National Beer Day
April 7 is National Beer Day. I am obviously not partaking in this celebration but really missing my Summer Shandy on this beautiful day (it is all worth is for baby Bittner!). On this beautiful Sunday, with 70 degrees, we are doing some yard work, grilling, and will go for ice cream. Here is a picture of our neighbors and my hubs stopping the yard work to cheers to National Beer Day.
My work asked me to write a short article on drinking while keeping your health in mind. So as you go about enjoying a nice cold one on this day, just read this before!
April 7 is National Beer Day. If you choose to celebrate this day, it is important to go into this day with a healthy mindset. The National Institute on Alcohol Abuse and Alcoholism considers binge drinking being a blood alcohol level of 0.08g percent or above. Which usually occurs with more than 4 drinks for women or 5 drinks for men (1 drink= 12 oz beer; 8-9oz malt liquor; 5 oz wine; 1.5 fl oz shot of hard liquor). To avoid binge drinking and the negative effects it has on your body, here are some tips to enjoy your beer and still be good to your body!
1. Eat before drinking: Fill up with whole grains with fiber, protein, and healthy fats to keep your stomach full longer and prevent you from eating common drinking food once the sipping starts (think fried food and snacks). Food will help alcohol slowly absorb into the body. Examples of good food choices: whole grain sandwich with turkey and avocado, apple with peanut butter, or eggs with whole grain toast.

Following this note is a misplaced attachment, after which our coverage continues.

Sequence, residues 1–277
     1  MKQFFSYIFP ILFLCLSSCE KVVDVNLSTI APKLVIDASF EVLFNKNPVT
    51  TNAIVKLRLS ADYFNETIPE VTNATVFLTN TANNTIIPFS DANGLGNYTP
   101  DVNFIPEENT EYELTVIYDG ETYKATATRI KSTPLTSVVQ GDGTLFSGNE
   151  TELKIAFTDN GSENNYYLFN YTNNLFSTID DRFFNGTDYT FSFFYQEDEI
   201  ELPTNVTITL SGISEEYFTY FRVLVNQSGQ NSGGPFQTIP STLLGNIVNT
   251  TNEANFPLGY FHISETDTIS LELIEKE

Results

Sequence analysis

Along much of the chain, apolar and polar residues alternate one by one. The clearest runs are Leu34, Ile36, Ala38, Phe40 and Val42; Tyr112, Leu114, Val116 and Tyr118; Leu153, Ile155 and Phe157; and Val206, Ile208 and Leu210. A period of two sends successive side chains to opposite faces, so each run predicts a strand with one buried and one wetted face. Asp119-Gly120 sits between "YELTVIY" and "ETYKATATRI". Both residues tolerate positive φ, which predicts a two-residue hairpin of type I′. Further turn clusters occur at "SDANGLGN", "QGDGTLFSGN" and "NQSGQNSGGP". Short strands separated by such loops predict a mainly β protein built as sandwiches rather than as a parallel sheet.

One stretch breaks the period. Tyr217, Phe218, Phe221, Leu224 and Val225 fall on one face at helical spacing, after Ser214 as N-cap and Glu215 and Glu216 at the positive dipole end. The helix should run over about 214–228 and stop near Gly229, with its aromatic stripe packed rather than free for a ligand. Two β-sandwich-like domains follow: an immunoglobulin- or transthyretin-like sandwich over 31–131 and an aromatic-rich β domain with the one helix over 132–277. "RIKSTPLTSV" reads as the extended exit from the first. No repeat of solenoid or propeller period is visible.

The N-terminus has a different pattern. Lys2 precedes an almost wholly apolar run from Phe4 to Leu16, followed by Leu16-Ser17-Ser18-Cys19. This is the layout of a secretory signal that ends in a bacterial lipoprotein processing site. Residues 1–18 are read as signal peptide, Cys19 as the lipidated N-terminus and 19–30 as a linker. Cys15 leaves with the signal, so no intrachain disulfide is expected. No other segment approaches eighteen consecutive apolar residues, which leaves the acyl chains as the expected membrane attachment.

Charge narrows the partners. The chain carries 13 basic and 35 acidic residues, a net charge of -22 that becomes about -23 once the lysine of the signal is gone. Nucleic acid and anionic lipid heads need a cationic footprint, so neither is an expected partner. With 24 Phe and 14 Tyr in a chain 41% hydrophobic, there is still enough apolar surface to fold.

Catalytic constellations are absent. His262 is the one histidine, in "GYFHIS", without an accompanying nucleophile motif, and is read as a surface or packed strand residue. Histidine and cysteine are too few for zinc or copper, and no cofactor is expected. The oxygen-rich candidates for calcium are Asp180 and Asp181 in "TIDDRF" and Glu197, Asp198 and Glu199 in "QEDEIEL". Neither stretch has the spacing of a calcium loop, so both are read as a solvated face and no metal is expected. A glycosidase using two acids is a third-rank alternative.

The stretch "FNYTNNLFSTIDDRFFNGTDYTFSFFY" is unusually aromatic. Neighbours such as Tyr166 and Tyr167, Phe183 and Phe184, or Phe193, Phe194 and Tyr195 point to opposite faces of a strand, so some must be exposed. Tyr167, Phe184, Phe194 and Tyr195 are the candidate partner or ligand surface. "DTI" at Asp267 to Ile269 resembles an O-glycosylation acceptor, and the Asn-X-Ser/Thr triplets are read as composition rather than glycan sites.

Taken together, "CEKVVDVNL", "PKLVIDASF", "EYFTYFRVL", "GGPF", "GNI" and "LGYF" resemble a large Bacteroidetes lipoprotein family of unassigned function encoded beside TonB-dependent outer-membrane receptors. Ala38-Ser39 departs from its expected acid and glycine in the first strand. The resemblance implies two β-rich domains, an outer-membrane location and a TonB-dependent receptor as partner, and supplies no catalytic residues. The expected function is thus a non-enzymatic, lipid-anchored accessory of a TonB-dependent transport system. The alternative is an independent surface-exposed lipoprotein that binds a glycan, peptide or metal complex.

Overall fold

2. Drink water between drinks: Alcohol has a diuretic effect, meaning it increases bathroom visits and decreases your electrolytes. This will make you dehydrated and will cause a craving for those salty foods (hello chips and pizza). By consuming enough water you will stay hydrated, prevent that awful feeling the next morning, and it will help slow down the sips of your alcoholic drinks!
3. Keep your liver in mind: Your liver’s job is to detoxify your body and it also metabolizes alcohol. Between the dehydration and alcohol, your liver is working overtime to remove the alcohol from your blood. Chronic drinking can lead to accumulation of alcohol, leading to damaged liver cells, fatty liver, cirrhosis, and increased risk for liver cancer.
4. Choosing lower calorie drinks: Weight gain is associated with heavy drinking. One gram of alcohol provides 7 kcal, when you compare this with food: 1g of carbs provide 4 kcal, 1g of protein provides 4 kcal, and 1g of fat provides 9 kcal. Alcohol is “empty calories” from ethanol and sugar. When you combine the alcohol with high sugar mixed drinks (1 tequila sunrise= 200cal and 20g sugar), it will increase your sugar intake, spike your blood sugar, and add more extra calories for the day. Try choosing a lower calorie drink, for example: vodka and seltzer with lemon or a lite beer.